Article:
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The answer to school violence begins at home
TJS Yarbrough
Dick Yarbrough, Guest Columnist

The new three R’s of School Days: Rancor. Rants. Retaliation. And forget the hickory stick. We’re not singing that tune anymore. In Clayton County alone, the school system reports that fights are up some 200 percent over the same period last year, and we are only one month into the new school year. The district had already banned book bags and lockers because of an increase in weapons on school premises.

A report by the Atlanta newspapers revealed that during the last academic year, Clayton County school officials confiscated nearly 100 weapons, including – are you ready? – an AR-15 assault rifle. It is this environment in which beleaguered schoolteachers are trying to force-feed some education into their students while worrying about guns.

So, what to do? School principals in Clayton County have asked School Superintendent Morcease Beasley to go public and appeal for help from – are you ready, again? – parents. Uh, wild thought here, but parents just might be a part of the problem.

“Darling? Are you ready for school?”

“Yes, Mom.”

“I have packed your lunch and put in a couple of ginger snaps.  I know how you love ginger snaps.”

“Thanks, Mom. I’m running late. See you tonight. Bye.”

“Young man, you come right back here! You were about to walk out without your AR-15 and stripper clip! You kids! You can be so absent-minded! What in the world would you do without your Momma to look after you!”

Supt. Beasley went on YouTube and observed, “Let’s all as adults model the behavior we expect our children to exhibit. We must be parents. We must be the role model. We need you to talk with the staff, not at the staff.”  Sorry, sir, but that train has left the station. Children are the way they are because their parents – if they are even around – are the way they are.

And it is not just Clayton County where parents as role models leave much to be desired. Last fall, Cobb County parents squared off against each other in competing demonstrations over whether their urchins should be required to wear masks in class.

Parents chanted and waved signs at each other. At one point, two of them -- a masked man (not the Lone Ranger) and an unmasked woman -- got into a screaming confrontation. The woman accused the masked man of spitting on her. (Through his mask?) The masked man accused the woman of hitting him in the mouth. What great role models they are. I can’t wait to see how their kids turn out.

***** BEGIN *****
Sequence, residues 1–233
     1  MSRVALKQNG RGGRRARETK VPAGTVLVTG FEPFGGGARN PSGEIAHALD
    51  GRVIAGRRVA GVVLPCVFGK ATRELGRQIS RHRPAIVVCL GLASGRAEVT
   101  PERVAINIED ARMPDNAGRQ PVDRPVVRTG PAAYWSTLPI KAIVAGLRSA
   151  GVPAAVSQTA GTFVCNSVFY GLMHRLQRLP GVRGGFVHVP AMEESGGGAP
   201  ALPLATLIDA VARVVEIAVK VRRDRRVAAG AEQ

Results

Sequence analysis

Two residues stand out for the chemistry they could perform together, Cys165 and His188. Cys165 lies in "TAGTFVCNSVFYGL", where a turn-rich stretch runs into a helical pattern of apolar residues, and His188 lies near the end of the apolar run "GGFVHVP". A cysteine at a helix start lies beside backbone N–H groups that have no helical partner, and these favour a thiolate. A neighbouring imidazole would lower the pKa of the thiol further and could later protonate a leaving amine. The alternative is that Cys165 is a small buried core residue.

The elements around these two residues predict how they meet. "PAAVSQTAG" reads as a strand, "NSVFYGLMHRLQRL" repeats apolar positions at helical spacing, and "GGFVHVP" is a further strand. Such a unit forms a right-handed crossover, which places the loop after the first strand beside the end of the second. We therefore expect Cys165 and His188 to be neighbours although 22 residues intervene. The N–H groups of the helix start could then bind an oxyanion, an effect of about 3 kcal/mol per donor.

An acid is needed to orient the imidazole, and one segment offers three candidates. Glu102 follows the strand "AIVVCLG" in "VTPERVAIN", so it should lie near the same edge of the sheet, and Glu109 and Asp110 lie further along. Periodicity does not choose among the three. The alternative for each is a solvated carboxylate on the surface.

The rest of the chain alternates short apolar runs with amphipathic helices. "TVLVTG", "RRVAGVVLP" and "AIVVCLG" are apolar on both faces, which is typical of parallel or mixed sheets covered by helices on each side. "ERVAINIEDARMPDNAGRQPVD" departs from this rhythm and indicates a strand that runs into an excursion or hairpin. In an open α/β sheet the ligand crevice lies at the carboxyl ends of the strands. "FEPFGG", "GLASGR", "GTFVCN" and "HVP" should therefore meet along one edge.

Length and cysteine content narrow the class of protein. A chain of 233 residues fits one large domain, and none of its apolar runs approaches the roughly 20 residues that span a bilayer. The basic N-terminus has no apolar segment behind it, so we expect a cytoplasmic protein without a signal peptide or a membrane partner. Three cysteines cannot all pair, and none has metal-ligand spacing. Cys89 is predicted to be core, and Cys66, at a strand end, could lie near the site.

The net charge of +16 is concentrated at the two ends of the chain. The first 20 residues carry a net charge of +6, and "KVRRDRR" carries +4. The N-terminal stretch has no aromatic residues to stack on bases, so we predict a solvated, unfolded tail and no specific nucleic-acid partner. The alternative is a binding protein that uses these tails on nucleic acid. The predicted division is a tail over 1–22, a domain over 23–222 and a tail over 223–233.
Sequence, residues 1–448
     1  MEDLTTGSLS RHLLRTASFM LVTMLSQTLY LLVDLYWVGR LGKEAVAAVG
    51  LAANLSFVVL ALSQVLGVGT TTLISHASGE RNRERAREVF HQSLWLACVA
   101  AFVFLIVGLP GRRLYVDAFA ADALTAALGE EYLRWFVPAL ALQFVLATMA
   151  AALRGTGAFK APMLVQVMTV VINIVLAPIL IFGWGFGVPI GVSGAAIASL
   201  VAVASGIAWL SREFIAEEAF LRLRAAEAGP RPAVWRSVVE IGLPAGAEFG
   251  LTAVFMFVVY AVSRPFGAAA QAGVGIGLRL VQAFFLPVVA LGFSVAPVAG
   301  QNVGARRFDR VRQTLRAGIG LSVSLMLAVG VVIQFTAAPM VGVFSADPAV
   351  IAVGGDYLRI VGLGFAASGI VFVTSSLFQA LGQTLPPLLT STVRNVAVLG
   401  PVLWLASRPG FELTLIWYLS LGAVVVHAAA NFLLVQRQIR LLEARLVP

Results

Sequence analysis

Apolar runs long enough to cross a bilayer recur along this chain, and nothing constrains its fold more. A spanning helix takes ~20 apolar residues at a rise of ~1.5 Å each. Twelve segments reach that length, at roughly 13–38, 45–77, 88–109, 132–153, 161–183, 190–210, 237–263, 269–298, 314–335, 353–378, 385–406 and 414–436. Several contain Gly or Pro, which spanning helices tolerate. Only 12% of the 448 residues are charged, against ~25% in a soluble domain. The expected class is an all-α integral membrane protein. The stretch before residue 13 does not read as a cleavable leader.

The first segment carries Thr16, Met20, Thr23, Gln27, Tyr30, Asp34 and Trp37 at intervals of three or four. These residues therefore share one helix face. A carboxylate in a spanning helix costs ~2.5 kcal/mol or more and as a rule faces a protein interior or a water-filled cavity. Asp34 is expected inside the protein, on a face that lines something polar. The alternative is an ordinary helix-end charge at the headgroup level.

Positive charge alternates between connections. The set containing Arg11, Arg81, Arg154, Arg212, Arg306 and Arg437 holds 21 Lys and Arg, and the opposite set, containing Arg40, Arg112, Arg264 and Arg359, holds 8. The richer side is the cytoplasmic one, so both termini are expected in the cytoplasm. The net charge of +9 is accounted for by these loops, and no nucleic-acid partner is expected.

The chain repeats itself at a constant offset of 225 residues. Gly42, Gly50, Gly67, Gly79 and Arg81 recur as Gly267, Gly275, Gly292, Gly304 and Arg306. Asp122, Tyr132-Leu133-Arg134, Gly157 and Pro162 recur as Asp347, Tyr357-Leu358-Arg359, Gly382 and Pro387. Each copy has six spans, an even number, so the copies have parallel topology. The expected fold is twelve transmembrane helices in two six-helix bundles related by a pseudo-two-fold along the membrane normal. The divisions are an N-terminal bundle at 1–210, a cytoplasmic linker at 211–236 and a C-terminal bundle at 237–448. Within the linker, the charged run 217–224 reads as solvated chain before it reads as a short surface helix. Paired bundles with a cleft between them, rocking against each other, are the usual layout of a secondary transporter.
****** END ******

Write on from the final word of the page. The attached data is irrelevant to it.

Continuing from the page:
Public education is under attack these days. Who wants to send their kids into a war zone? Republican legislators have made it easy to walk away from these problems with their nefarious tax-credit voucher schemes that encourage sending kids to private schools instead of working to fix the issues our teachers face in the classroom. It is almost as if they want public schools to fail.

I will admit to a bit of bias. I have three public schoolteachers in my family.  My son-in-law, a PhD/science teacher/coach and former State Teacher of the year recently retired. My grandson, also a PhD/science teacher/coach, and my son, a science teacher with a Master’s degree, are still at it, despite the bureaucratic red tape, second-guessing, societal issues not of their making, and parental apathy. I am proud of them all.

I, too, am a product of public schools, and while I would never have been mistaken for Albert Einstein, I got a good education for which I thank my teachers and my parents who were denied educational opportunities while growing up in the rural South and didn’t want that to happen to my brother and me.

I also had my share of fights growing up and a checkered won-lost record. But in every case when it was over, it was over. We were friends again. Today, fights are being filmed and shown on social media, and the violence is shocking and definitely not friendly. According to the Georgia Department of Education, there were more than 56,000 “incidents” last school year in our public schools in 2021-2022 school year with a number of arrests.

To those looking for some deep-meaning root cause as to what is causing the three R’s of violence in our public schools these days, much of it could be avoided if there was some discipline in the home. It starts there. In other words, it’s the parents, stupid. Or to put it another way – it’s stupid parents.

You can reach Dick Yarbrough at; at P.O. Box 725373, Atlanta, Georgia 31139; or on Facebook at